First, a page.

Your Health: Double lung transplants for cancer patients

One man’s story is now giving hope to others who may have lost theirs.
One man’s story is now giving hope to others who may have lost theirs.
Published: Nov. 11, 2022 at 1:08 PM EST
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LANSING, Mich. (WILX) - More than 2,500 people received new lungs in 2021. Cystic fibrosis, chronic obstructive pulmonary disease (COPD), breathing disorders and heart disease are some of the main reasons.

But did you know lung transplants for lung cancer are extremely rare?

A double lung transplant on a terminal lung cancer patient is even rarer. By doing it on one man, doctors may save many more.

Albert Khoury, 54, was told he had zero chance of survival.

“I had a couple of weeks to live, actually,” Khoury said. “Not that much time.” Khoury was losing his battle to stage four lung cancer and ended up in the ICU with pneumonia and sepsis.

He was fading fast, yet his cancer remained contained in his lungs.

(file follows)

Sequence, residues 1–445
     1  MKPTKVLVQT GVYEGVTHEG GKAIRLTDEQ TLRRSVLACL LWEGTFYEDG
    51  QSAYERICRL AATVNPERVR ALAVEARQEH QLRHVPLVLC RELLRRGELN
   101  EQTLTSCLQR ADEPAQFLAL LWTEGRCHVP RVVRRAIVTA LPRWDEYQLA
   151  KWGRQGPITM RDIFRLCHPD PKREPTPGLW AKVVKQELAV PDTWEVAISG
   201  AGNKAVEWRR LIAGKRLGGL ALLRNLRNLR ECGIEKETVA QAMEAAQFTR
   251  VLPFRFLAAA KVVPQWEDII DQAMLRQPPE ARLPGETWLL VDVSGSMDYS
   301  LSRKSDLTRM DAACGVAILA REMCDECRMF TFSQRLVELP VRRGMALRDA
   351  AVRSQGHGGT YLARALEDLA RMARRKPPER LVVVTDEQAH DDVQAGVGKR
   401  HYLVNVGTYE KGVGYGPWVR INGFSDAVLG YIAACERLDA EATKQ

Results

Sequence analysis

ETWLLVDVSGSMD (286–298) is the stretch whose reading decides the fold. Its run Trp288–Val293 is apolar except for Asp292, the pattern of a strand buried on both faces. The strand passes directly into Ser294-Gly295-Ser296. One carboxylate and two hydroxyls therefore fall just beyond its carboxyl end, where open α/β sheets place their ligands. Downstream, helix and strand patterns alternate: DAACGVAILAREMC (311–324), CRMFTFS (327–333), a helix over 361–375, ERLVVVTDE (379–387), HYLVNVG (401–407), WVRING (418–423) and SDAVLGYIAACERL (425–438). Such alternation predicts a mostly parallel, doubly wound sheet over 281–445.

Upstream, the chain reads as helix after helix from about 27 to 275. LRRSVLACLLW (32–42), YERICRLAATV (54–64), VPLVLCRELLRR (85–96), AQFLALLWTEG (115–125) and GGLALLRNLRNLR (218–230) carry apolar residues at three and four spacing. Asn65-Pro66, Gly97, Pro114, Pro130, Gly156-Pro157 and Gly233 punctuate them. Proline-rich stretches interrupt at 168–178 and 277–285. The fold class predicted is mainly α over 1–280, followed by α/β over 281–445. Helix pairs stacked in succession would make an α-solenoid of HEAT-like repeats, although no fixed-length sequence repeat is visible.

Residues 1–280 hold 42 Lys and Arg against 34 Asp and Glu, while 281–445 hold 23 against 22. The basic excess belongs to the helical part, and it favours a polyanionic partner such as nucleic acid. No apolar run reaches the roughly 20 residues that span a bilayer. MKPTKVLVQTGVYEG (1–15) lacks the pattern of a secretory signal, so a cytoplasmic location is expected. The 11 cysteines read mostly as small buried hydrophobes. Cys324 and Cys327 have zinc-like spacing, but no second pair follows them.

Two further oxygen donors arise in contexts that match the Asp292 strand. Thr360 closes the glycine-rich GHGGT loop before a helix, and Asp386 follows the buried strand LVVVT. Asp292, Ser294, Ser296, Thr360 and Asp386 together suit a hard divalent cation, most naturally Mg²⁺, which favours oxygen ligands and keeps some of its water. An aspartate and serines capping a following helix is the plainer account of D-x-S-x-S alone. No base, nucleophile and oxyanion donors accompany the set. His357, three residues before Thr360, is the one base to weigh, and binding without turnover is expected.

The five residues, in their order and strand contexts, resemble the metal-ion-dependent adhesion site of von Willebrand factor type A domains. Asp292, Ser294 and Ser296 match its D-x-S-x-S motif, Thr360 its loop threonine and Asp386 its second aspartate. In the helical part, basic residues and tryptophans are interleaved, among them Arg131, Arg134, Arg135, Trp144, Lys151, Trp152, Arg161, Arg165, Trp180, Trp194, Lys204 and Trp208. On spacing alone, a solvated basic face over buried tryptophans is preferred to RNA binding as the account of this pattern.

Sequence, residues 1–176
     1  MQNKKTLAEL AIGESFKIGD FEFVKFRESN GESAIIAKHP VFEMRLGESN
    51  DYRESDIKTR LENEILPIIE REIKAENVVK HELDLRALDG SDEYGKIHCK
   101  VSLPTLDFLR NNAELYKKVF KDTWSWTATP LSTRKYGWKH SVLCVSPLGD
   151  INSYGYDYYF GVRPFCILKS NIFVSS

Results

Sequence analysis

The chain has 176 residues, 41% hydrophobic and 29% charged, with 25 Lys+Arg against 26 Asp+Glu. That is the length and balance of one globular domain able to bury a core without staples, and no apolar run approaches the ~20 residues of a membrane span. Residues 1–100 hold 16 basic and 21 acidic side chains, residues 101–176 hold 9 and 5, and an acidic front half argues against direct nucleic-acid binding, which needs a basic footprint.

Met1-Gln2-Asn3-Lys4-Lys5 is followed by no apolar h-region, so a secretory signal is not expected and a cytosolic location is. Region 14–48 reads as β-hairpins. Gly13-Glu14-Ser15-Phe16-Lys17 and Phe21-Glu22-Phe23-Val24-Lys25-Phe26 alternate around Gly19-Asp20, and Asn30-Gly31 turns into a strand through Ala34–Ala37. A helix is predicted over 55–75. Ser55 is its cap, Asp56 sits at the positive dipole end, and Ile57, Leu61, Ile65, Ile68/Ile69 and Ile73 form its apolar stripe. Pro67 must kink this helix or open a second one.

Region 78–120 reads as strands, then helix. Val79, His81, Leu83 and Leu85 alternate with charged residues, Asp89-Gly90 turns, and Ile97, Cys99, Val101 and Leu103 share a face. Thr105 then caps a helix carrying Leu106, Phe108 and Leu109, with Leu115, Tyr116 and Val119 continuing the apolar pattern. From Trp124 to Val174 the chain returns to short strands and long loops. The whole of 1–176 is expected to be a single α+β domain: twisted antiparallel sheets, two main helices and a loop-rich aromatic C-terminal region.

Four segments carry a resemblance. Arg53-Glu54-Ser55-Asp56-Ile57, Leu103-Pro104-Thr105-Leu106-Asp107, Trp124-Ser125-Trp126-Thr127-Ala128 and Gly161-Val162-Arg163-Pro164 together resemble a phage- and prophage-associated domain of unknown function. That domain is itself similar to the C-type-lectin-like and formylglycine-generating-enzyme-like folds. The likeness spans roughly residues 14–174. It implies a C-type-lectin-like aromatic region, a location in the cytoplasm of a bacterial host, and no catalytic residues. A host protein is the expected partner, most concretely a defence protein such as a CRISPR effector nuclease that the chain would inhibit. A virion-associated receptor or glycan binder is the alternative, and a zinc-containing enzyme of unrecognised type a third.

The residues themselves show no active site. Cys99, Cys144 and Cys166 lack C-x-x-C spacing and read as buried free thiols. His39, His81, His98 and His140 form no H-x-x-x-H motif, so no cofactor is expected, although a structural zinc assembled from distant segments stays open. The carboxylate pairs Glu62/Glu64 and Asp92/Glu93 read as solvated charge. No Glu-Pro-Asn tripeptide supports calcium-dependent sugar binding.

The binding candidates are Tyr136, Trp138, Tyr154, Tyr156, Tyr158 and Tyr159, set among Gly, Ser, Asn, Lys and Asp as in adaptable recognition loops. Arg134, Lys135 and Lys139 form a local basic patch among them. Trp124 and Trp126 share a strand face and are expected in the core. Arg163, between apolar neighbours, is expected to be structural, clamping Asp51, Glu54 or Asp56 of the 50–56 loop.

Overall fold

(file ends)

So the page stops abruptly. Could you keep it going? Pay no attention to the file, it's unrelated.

“We saw that his cancer cells did not spread outside the lung,” said Dr. Young Chae, an oncologist at Northwestern Medicine. “It kept spreading inside the lung to the opposite part of the lung, so he wasn’t able to breathe well.”

That’s when the team at Northwestern decided to give Khoury an extremely rare double lung transplant.

“So, you can imagine trillions and trillions of these cancer cells all over both his lungs,” said Dr. Ankit Bharat, a thoracic surgeon with Northwestern Medicine. “When we had to, very meticulously, take all of that out within that six-hour time constraint that we typically have for reimplantation of new lungs.”

The difference between Khoury’s lungs before the surgery and six months later is dramatic.

“The new lung, there’s no traces of cancer coming back,” Dr. Bharat said looking at his scans.

“Just to see a new lung, a clean lung, is surreal,” says Dr. Chae.

One man’s story is now giving hope to others who may have lost theirs.

“This message is for everybody who has cancer,” said Khoury. “Just stay strong. Fight. Don’t stop. Good things will happen.”

Khoury was and is a non-smoker. And he’s not alone - up to 20% of the people diagnosed with lung cancer have never smoked.

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